Baby first food allergy symptoms

Food allergies in babies and young children

Allergies and breastfeeding or formula feeding

Exclusive breastfeeding or first infant formula is recommended for around the first 6 months of life.

If your baby has a cows' milk allergy and is not being breastfed, talk to your GP about what type of formula to give your baby.

If you're pregnant or breastfeeding, you do not need to avoid foods that can trigger allergic reactions (including peanuts), unless you're allergic to them.

Introducing foods that could trigger allergy

When you start introducing solid foods to your baby from around 6 months old, introduce the foods that can trigger allergic reactions one at a time and in very small amounts so that you can spot any reaction.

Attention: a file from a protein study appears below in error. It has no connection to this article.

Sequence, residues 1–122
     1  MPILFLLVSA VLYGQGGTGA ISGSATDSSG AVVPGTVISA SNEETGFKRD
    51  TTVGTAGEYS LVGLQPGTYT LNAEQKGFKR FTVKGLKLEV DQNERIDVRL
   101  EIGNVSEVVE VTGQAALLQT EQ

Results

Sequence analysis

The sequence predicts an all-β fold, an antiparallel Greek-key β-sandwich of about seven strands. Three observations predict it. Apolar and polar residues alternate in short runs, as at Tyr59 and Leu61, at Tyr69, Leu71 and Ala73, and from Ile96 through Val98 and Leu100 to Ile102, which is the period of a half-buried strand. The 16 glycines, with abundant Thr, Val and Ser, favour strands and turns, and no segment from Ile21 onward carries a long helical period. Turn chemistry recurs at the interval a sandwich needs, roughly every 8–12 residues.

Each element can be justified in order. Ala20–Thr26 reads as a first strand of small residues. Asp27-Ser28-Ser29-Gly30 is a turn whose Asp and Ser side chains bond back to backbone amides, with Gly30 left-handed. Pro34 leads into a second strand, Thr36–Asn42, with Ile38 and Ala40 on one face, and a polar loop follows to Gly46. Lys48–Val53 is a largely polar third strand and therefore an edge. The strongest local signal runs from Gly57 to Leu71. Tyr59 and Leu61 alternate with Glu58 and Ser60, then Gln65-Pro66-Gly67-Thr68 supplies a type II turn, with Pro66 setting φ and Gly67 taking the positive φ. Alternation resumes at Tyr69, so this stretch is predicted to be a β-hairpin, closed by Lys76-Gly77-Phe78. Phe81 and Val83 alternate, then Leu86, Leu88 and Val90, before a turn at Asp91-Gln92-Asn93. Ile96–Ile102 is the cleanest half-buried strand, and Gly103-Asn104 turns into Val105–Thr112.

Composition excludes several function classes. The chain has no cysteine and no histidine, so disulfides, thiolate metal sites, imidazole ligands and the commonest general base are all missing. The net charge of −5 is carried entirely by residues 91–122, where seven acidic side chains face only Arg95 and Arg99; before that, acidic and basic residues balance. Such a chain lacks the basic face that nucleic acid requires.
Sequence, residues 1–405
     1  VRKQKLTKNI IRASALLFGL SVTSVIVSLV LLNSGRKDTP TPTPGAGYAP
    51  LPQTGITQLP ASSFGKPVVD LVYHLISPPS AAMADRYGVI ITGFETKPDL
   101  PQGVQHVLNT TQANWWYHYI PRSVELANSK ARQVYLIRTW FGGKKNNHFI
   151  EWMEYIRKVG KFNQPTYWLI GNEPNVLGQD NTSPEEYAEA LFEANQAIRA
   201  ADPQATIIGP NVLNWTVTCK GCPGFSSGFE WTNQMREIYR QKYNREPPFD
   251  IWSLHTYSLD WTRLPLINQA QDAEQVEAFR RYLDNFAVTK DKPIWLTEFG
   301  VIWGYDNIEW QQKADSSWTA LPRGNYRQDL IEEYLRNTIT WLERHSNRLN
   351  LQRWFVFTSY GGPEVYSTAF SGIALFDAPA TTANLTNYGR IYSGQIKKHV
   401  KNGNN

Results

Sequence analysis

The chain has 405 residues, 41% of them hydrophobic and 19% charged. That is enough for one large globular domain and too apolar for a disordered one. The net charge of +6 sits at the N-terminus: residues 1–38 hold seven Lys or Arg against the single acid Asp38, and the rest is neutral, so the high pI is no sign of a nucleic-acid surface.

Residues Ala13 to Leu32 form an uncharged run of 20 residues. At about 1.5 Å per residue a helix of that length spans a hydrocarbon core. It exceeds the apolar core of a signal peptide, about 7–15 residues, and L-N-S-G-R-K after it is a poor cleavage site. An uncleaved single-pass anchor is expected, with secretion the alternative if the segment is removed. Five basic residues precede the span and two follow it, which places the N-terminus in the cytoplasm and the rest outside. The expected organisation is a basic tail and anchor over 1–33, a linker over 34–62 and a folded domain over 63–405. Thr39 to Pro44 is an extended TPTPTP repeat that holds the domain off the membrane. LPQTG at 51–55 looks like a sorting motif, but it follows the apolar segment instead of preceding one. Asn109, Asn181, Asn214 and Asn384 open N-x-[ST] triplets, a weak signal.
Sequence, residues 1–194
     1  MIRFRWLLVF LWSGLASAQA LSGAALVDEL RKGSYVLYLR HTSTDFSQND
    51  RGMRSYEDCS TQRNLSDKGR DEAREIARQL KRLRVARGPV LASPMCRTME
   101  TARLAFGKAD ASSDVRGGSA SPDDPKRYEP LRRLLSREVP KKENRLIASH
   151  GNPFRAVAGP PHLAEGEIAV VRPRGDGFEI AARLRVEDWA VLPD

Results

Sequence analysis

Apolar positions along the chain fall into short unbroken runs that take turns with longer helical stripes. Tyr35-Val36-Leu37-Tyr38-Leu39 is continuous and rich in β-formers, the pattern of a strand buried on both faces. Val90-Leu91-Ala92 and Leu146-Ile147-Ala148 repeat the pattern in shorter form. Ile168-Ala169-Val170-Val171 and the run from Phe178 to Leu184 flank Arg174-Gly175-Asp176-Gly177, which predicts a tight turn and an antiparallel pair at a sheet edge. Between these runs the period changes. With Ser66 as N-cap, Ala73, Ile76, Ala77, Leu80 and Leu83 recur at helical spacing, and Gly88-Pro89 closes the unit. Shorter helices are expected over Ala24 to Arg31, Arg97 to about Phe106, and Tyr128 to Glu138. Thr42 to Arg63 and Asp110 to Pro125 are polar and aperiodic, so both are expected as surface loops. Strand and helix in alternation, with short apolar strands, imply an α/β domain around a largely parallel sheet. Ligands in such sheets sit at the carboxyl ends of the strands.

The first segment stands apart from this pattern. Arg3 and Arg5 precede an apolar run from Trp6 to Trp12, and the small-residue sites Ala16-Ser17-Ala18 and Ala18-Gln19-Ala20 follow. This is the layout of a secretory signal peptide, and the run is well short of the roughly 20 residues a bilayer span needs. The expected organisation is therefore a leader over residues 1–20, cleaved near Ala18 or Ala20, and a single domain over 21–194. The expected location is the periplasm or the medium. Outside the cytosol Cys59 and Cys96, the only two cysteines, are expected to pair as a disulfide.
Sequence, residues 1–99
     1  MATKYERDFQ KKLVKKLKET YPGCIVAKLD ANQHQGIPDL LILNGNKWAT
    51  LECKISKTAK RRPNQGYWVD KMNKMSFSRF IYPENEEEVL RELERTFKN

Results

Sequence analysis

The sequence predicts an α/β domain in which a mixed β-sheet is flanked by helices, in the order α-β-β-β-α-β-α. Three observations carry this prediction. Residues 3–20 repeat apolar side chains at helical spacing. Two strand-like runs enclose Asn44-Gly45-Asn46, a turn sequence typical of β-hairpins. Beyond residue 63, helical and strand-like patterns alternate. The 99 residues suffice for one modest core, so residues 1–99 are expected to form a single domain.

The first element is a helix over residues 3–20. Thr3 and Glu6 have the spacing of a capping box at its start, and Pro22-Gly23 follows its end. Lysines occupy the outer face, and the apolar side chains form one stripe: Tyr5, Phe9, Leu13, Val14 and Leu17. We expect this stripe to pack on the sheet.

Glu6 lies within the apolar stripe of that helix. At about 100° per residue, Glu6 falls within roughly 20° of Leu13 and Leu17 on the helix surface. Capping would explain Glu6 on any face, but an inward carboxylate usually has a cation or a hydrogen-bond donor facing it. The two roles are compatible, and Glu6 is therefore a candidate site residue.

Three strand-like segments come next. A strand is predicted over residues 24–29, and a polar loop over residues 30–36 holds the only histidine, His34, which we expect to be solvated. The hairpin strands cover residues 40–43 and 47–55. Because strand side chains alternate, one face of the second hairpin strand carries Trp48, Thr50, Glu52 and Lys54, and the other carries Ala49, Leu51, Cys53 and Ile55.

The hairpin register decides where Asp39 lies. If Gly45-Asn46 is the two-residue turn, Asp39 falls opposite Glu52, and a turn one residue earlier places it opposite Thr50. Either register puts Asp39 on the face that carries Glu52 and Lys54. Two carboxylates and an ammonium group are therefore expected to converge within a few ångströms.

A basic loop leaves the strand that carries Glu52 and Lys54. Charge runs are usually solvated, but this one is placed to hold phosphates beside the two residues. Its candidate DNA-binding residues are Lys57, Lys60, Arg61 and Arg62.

If your baby already has an allergy, such as a diagnosed food allergy or eczema, or if you have a family history of food allergies, eczema, asthma or hay fever, you may need to be particularly careful when introducing foods. Talk to your GP or health visitor first.

Foods that can trigger an allergic reaction are:

  • cows' milk
  • eggs (eggs without a red lion stamp should not be eaten raw or lightly cooked)
  • foods that contain gluten, including wheat, barley and rye
  • nuts and peanuts (serve them crushed or ground)
  • seeds (serve them crushed or ground)
  • soya
  • shellfish (do not serve raw or lightly cooked)
  • fish

These foods can be introduced from around 6 months as part of your baby's diet, just like any other foods.

Once introduced and if tolerated, these foods should become part of your baby's usual diet to minimise the risk of allergy.

Evidence has shown that delaying the introduction of peanut and hen's eggs beyond 6 to 12 months may increase the risk of developing an allergy to these foods.